CFPB Aims to Clarify “Abusive” Standard in UDAAP

Jun 12, 2019 | Federal Regulation, News

The Consumer Financial Protection Bureau (CFPB) announced yesterday that it will hold its first symposium on June 25 in Washington, D.C. where discussion will focus on abusive acts or practices under the unfair, deceptive, or abusive acts or practices (UDAAP) standard.

UDAAP has its origins in the Dodd-Frank Wall Street Reform and Consumer Protection Act of 2010 that created the CFPB. Prior to Dodd-Frank, financial institutions were subject to laws regulating unfair or deceptive acts or practices, or simply UDAP. Over decades, the terms unfair and deceptive have become fairly well established.

In Dodd-Frank, Congress added the word “abusive” to UDAP, yet failed to fully define or clarify its meaning. Since its creation in 2010, the CFPB has failed to issue any agency guidance to supplement the brief descriptions of “abusive” in Dodd-Frank. “One of the biggest challenges is identifying what conduct is abusive that is not already deceptive or unfair,” former CFPB Deputy Enforcement Director Ori Lev said in 2015.

The upcoming symposium is the first attempt by the CFPB to provide some clarification around the “abusive” standard. The event will have two panels of UDAAP experts. The first panel will focus on “various policy issues relating to the abusive standard under Dodd-Frank,”  and will include the following participants:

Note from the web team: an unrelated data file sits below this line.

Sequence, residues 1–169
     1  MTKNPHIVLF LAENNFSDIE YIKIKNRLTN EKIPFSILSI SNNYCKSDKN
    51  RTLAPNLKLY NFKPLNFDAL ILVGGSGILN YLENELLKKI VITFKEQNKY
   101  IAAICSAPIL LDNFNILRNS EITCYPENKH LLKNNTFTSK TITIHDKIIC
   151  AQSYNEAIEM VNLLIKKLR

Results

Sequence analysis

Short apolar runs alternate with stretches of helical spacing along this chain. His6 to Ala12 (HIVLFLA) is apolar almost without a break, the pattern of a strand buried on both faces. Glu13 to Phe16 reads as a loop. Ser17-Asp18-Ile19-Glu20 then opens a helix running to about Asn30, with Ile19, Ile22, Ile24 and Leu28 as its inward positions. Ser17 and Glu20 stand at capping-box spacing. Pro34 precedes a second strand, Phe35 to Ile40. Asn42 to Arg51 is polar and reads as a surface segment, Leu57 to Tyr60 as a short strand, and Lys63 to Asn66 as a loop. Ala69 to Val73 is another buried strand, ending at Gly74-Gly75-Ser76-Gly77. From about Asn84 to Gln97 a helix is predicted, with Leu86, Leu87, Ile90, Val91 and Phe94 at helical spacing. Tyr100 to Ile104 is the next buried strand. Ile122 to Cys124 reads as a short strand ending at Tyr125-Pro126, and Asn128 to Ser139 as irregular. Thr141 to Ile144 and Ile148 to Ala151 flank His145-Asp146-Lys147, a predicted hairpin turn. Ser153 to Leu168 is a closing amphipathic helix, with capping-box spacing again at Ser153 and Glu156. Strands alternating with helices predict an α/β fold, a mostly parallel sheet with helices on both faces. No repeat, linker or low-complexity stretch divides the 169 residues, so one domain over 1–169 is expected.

• Patricia McCoy, Professor of Law, Boston College Law School
  • Todd Zywicki, Professor of Law, George Mason University, Antonin Scalia Law School
  • Howard Beales, George Washington University
  • Adam Levitin, Professor of Law, Georgetown Law School

The second panel will focus on how the abusive standard has been used in practice, featuring the following participants:

  • William MacLeod, Partner at Kelley Drye
  • Eric Mogilnicki, Partner at Covington & Burling
  • Lucy Morris, Partner Hudson Cook
  • Nicholas Smyth, Assistant Director of the Pennsylvania Office of Attorney General’s Bureau of Consumer Protection

The event is open to the public, and those interested can RSVP here.

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